The Substance Abuse and Mental Health Services Administration was funded at $2.96 billion, a $306.66 million increase over last year. Of this amount, $15 million will be used for fetal alcohol prevention and services, as provided by the Senate. The substance abuse block grant was funded at $1.67 billion, a $65 million increase, and the mental health block grant received a $64 million increase to $420 million. Of the amount provided for the substance abuse block grant, $53 million will be used to “provide targeted service expansion and capacity building to community-based substance abuse treatment programs with a history of providing services to communities of color severely impacted by substance abuse and HIV/AIDS.”
The Agency for Healthcare Research and Quality was funded at $269.94 million, an increase of $71.2 million. Child support enforcement received $3.51 billion, an increase of $314 million over FY2000. Additionally, refugee and entrant assistance was funded at $433.1 million, an increase of $7.3 million. Report language stated that adequate funding was provided under refugee and entrant assistance to implement the Trafficking Victims Protection Act (P.L. 106-386).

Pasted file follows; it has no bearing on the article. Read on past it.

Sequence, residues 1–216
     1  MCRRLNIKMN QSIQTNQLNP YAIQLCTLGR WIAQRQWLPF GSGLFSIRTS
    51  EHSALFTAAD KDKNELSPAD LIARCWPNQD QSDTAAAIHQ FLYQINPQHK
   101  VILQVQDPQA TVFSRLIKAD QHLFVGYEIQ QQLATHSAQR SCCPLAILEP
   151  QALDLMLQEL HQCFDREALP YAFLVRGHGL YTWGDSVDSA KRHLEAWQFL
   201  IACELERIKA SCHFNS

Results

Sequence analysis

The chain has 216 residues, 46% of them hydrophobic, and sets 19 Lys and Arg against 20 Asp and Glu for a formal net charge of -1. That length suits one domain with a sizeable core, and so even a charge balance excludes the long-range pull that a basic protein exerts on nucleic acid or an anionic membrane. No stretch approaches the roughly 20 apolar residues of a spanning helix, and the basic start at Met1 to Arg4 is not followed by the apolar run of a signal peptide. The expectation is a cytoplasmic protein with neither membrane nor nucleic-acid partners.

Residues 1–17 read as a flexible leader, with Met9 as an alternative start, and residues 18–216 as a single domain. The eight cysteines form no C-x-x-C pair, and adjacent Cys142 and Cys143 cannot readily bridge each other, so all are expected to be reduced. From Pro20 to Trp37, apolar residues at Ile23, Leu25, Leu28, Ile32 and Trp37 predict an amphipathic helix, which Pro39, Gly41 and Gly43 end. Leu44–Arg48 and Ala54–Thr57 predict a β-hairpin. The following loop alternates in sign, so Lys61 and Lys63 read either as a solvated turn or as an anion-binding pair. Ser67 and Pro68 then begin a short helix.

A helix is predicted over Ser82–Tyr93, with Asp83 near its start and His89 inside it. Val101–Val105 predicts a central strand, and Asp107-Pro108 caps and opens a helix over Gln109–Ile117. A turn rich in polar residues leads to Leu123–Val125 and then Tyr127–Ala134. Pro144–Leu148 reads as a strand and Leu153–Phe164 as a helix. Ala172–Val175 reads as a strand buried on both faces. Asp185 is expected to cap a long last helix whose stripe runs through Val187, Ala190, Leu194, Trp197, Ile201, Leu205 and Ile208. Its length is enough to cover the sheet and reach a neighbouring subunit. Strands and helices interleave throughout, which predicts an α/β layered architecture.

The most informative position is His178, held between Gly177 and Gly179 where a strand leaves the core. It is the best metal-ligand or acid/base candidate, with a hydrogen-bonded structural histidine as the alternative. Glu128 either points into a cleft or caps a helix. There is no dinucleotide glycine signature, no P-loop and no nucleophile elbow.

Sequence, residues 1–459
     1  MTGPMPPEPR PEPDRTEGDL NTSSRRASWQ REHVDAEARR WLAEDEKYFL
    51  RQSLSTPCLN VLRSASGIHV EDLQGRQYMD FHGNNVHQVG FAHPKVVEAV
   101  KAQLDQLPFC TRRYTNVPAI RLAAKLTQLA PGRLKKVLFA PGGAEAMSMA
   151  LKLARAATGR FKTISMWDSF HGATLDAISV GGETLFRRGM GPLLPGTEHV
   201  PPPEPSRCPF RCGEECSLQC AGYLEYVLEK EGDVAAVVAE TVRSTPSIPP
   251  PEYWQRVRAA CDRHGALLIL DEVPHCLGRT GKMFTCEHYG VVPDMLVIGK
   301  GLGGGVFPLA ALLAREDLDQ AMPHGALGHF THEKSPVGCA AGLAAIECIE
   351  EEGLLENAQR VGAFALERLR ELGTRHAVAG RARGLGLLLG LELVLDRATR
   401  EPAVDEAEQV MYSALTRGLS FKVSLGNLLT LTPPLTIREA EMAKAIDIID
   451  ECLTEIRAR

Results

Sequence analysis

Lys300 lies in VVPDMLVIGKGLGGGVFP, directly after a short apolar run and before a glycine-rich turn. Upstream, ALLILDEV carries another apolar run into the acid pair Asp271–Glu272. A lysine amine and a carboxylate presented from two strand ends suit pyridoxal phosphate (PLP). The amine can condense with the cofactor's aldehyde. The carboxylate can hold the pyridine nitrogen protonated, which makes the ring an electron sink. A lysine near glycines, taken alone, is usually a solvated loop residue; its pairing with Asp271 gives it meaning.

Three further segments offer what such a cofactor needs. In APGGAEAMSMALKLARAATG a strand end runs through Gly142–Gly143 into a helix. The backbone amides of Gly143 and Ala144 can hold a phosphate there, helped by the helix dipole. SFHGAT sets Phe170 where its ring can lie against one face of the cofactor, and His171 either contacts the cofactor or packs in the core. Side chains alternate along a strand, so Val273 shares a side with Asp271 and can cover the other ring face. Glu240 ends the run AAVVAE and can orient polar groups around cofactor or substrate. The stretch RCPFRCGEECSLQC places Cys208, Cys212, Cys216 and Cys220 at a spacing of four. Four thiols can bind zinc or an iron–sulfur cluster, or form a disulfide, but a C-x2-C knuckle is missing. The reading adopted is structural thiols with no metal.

Under the final bill, the Child Care and Development Block Grant (CCDBG) received an additional $817.32 million in FY2001, bringing total FY2001 funding to $2 billion. The FY2000 omnibus appropriations bill (P.L. 106-113) provided $1.18 billion in FY2001 forward funding. Of the FY2001 amount, $19.2 million will be used for child care resource and referral and school-aged child care activities, $100 million will be used to improve the quality of infant and toddler care, and $10 million will be used for child care research, demonstration, and evaluation.
The Social Services Block Grant received a $50 million decrease to $1.725 billion, while Head Start received a $933 million increase to $6.2 billion in FY2001. Of that amount, $1.4 billion is provided in FY2002 forward funding.
The Adolescent Family Life Act (AFLA) received $24.33 million, a $5 million increase over last year. The AFLA administers abstinence-based education programs. Such programs received $50 million in FY2001, as required by the 1996 welfare reform law (P.L. 104-193). Abstinence education programs also received $30 million in advance FY2002 funding. Abstinence education programs received $20 million in FY2000 emergency supplemental funding, but the FY2001 Labor, Health and Human Services, and Education spending bill prohibited the funding from being spent until March 1, 2001.
Under the final bill, the Public Health Service’s Office on Women’s Health (PHS-OWH) received a $1.78 million increase to $17.27 million in FY2001. Report language accompanying the final bill urged the PHS-OWH to provide funding to the National Osteoporosis Foundation to support a bone health campaign targeting adolescents. The PHS Office of Minority Health received an $11.38 million increase to $49 million.